Wednesday, January 30, 2013

Dear all:

My apologies for the delay in writing.  I have tried to sit down several times to update you, but the schedule has been so jam-packed that I haven’t had enough time to craft a communication.  I’m captive now, on a flight from Guangzhou to Shanghai — perfect time for some reflection on the last few days.

The second day of rehearsal and concert in Taipei was exciting.  We had been monitoring the travel of our soloist, Maxim Vengerov, since he was scheduled to arrive from Moscow midday, prior to the rehearsal for the evening’s concert.  I admit to a sense of great relief when I received the text message saying, “He’s here.  We are getting in the car and coming to the hall”.  The rehearsal had already begun, and our conductor Osmo Vänskä, had led the orchestra in the pieces by Verdi and Beethoven, and even a run through of an encore, before the break.  Fortunately, he and Vengerov hit it off and the rest of the rehearsal was magical with a dramatic rendition of Tchaikovsky’s Violin Concerto.

Because the rehearsal was in the last afternoon to accommodate Vengerov’s flight from Moscow (via Shanghai!), we had some food delivered for the Orchestra.  There were just two hours between rehearsal end and concert start, which didn’t allow for time to return to the hotel and a meal. So there were Subway sandwiches (!), chips, noodle soup, dumplings and chicken and rice for all.  The musicians were game and people were eating standing up using trunks as tables, sitting jammed together on the few couches or sitting on the floor.  Communal living at its best.

At 8 pm the house was filled with expectant patrons and the CSO launched into its second program.  Again, the concert was exciting for the sheer nerve and professionalism of our Orchestra and the quality of engagement between audience and performers.  Vengerov won showers of applause from the audience and Orchestra alike and offered an encore of Bach.  Beethoven followed and the second concert was beautifully received.

CSO patrons and musicians gathered formally and informally in the hotel bar for some post-concert chatter and lots of relieved sips of champagne.  Li-Kuo Chang introduced me and Maestro Vänskä to a good friend and fellow music lover and we celebrated with our presenter, Mr. Niu.

As you all know, getting those two programs put together for Taipei was a big project and I confess it was wonderful to celebrate with Li-Kuo and Mr. Niu.

The next day we were off to Hong Kong!  We had such a good time in Hong Kong four years ago we were really excited to be returning there.  The hotel sits on Victoria Harbor and at this time of year, the buildings are all lit up for Chinese New Year.  It is really beautiful.  We arrived in time for some of us to head directly to the home of Bill and Sandy Strong.  For those of you who are new, Bill was our board chair for 6 years and left Chicago in 2011 to take over Morgan Stanley in Asia, based in Hong Kong.  The patrons and a dozen musicians piled in to the Strong home for a lovely reception and enjoyed the company and great view.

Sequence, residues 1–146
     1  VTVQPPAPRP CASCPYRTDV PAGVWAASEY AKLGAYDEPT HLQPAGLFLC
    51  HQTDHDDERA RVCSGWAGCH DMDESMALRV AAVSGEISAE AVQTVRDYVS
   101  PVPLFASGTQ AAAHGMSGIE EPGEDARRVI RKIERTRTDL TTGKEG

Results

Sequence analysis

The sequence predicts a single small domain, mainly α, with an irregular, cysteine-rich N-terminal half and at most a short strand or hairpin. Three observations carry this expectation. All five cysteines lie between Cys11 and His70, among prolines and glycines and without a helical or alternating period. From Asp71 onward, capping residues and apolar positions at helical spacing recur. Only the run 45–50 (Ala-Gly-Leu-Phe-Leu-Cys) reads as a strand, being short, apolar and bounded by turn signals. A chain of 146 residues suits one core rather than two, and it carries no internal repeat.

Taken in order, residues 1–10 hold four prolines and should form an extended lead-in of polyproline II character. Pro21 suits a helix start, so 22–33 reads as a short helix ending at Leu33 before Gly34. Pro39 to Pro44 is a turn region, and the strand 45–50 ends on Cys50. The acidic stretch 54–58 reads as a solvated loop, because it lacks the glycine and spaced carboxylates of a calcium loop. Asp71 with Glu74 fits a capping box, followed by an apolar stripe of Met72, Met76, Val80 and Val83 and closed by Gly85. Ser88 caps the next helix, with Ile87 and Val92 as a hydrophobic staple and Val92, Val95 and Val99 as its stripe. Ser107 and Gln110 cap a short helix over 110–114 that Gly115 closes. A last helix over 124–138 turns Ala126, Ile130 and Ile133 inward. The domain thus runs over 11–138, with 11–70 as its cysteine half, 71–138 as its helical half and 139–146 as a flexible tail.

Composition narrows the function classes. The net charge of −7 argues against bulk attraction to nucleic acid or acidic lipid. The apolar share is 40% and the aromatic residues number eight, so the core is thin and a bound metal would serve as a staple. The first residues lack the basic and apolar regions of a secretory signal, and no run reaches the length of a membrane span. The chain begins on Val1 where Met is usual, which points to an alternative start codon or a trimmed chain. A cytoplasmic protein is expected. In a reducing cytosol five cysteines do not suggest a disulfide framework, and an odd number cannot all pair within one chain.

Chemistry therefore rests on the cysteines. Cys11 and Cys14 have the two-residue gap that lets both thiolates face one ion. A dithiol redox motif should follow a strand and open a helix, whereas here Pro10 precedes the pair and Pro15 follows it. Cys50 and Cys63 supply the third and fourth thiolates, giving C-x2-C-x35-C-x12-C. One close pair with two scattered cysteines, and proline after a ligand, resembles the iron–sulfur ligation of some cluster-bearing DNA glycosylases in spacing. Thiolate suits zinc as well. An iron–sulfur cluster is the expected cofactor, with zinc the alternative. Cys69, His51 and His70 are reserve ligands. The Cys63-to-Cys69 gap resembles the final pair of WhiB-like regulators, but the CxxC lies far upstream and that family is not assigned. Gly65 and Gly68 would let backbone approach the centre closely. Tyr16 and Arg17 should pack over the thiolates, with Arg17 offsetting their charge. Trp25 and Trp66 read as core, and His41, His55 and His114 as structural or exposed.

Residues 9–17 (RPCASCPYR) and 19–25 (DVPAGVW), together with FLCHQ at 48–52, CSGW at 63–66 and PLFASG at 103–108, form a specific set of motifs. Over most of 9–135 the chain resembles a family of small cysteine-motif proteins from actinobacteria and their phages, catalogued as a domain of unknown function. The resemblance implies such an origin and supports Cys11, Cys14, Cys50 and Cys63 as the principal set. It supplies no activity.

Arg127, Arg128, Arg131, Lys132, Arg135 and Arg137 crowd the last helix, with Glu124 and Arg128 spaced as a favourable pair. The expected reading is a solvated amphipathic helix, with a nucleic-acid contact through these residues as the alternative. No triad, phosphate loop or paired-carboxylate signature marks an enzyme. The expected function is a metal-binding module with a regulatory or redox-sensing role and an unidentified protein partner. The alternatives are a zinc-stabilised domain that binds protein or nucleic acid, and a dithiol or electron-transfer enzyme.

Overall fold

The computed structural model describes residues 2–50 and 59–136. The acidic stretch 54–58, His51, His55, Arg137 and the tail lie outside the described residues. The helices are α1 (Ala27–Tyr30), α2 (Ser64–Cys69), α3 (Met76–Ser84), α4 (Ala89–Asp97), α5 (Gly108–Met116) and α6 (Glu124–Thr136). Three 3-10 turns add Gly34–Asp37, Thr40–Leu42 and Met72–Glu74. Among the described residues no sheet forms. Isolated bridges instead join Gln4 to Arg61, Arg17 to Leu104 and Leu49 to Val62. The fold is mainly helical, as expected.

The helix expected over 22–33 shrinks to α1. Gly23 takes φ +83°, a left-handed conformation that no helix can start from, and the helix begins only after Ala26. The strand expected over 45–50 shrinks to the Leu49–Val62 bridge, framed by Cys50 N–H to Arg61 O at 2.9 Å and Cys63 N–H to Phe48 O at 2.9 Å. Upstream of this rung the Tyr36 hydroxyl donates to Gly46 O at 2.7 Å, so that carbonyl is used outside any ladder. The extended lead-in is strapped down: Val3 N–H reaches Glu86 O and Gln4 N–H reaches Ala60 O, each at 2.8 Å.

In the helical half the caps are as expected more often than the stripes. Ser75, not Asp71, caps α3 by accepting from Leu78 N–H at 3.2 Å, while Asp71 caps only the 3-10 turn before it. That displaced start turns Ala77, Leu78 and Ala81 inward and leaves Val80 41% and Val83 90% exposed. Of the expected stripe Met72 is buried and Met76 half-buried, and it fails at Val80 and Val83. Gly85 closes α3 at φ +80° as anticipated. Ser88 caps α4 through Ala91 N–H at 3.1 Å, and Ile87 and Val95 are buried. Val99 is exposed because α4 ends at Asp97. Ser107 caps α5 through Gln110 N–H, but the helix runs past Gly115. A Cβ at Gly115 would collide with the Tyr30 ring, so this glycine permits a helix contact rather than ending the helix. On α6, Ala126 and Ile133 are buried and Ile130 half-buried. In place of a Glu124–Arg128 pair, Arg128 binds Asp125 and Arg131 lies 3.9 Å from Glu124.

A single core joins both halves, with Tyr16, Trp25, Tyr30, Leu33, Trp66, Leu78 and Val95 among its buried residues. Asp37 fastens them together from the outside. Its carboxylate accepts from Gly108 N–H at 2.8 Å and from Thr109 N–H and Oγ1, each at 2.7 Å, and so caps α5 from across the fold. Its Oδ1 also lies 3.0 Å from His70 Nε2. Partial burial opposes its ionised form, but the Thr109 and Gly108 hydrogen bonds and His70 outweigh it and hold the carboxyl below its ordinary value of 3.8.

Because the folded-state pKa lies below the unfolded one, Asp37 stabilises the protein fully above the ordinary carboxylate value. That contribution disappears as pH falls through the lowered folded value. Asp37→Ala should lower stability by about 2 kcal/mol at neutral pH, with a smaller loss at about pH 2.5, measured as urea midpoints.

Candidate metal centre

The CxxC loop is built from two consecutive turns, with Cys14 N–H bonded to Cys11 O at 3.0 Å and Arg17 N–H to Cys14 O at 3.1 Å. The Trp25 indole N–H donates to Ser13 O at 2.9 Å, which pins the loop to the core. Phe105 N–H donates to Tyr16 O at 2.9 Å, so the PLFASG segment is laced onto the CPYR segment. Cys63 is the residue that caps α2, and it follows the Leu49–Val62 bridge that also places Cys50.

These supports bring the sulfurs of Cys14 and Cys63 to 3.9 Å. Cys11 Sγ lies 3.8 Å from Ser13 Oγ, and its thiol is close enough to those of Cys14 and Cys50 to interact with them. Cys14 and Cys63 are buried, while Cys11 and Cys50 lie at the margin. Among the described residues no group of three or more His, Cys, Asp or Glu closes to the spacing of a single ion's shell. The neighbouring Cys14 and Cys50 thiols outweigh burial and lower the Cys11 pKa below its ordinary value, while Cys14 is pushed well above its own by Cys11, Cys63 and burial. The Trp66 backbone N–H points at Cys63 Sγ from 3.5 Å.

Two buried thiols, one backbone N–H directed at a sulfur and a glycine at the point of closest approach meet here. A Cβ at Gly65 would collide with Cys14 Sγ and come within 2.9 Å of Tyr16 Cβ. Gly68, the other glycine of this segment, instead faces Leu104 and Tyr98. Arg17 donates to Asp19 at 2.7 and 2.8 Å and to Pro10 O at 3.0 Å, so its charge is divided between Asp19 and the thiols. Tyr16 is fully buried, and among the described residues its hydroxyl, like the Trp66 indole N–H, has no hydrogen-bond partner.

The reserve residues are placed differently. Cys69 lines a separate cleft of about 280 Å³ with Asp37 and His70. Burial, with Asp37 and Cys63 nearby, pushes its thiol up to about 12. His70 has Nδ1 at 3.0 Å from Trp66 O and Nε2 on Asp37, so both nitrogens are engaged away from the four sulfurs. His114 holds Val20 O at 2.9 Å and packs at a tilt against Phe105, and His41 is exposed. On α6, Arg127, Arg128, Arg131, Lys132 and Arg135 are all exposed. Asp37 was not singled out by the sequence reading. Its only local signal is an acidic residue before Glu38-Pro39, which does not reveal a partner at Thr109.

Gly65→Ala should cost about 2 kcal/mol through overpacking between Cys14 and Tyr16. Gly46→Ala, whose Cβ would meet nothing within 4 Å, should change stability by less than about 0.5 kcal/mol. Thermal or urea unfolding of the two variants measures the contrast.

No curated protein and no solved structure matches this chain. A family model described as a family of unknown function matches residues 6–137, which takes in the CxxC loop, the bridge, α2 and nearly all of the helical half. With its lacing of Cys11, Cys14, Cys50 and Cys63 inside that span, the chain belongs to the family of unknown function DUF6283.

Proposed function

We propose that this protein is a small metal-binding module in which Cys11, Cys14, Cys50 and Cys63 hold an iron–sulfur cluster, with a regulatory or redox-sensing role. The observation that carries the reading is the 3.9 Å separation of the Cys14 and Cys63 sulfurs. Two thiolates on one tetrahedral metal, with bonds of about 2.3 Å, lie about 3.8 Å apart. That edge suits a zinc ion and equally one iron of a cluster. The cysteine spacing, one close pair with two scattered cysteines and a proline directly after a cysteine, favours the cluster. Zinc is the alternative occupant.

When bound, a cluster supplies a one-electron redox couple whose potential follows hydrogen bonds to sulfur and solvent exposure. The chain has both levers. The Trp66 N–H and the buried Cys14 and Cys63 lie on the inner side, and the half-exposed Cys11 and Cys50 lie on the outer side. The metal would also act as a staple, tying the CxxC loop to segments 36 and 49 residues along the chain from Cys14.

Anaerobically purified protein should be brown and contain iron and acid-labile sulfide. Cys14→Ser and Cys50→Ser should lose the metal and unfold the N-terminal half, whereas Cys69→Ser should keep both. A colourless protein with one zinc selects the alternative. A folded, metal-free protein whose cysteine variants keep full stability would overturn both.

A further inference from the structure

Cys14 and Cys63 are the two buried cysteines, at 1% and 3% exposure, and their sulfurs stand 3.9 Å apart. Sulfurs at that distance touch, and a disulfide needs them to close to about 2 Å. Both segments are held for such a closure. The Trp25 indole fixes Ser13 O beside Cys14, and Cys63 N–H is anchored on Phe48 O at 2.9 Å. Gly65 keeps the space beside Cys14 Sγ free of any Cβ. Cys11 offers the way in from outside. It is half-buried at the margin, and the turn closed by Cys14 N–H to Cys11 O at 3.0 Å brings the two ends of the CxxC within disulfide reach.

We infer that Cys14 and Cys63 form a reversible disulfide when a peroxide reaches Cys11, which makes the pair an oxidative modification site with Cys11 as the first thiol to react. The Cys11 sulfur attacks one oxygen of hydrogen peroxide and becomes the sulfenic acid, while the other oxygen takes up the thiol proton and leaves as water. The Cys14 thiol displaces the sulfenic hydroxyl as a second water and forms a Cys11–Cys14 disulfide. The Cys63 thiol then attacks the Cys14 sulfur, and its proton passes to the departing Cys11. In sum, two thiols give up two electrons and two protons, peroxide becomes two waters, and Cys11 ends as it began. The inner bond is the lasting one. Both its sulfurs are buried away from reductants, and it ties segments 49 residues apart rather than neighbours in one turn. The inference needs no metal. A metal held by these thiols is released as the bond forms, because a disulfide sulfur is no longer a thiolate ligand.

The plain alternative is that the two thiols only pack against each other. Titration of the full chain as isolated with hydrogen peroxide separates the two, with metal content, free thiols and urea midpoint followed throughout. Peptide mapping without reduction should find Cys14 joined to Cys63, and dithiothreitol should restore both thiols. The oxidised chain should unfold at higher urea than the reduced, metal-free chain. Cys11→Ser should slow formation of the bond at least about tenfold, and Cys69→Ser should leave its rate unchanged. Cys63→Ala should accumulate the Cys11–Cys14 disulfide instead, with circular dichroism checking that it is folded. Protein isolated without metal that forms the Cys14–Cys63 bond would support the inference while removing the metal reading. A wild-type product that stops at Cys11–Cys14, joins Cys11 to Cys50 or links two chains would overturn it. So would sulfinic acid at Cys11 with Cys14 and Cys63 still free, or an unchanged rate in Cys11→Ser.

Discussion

Again we had begun monitoring flights and knew that Martha, who had flown to New York to hear the NY Philharmonic and meet our next maestro, Lorin Maazel had taken off from JFK for Seoul.  The next phase of our tour had officially begun!

The next day was a sunny, warm day in Hong Kong and with the news that the connections in Seoul had worked we were beginning to really believe that all the crazy logistics of this tour would work.  By 1 pm we met Martha and (excuse us Martha, but more importantly) Lorin Maazel straight from the airport to the loading dock at the Hong Kong Cultural Center.  Hooray!!

Maestro Maazel is an incredibly adept musician and the reuniting of this distinguished conductor and the CSO was something to behold.  They worked through the first program and an encore in 2 hours and 15 minutes, thus allowing everyone a few hours to rest before the evening concert.  A warm and gracious audience gave our musicians and guest conductor the welcome they were due and in return the concert was special.  Two encores made a raucous crowd VERY happy!

The next day I was the guest speaker at a program launched by the Hong Kong Arts Festival to hear guest arts administrators discuss issues pertinent to cultural organizations today.  I was honored to address 100 patrons of the festival and talked about our strategies for programmatic and musical engagement, collaboration and of course, Citizen Musician

Today was travel day. A few of us travelled to Guangzhou to explore potential collaborations with that orchestra and city while the bulk of our party travelled directly to Shanghai. I had really no idea of what to expect of Guangzhou which is primarily a city of manufacturing and business.  It is really lovely and has great musical and cultural facilities.  We might have some interesting work to do here.  Of course, most Westerners know this area as Canton.  We had a memorable meal with our Guangzhou Symphony Orchestra counterparts eating….Cantonese food!  Li-Kuo and I travelled quickly to Shanghai that night as we have a press conference tomorrow morning.  Martha, Vanessa, Charlie and Rob Kassinger remain in Guangzhou tonight to see what the place is like away from the music world.

More soon.  Lots and lots of meetings and connections to make.  We have ITW here for sponsorship of the concert as well as World Business Chicago and Choose Chicago, and Bank of America of course as well!  The business aspect of our work in China is very active.

I hope all is well in Chicago.  We have gone from warm, balmy weather now to the cold.  More like home.

Missing you,

Deborah Rutter Signature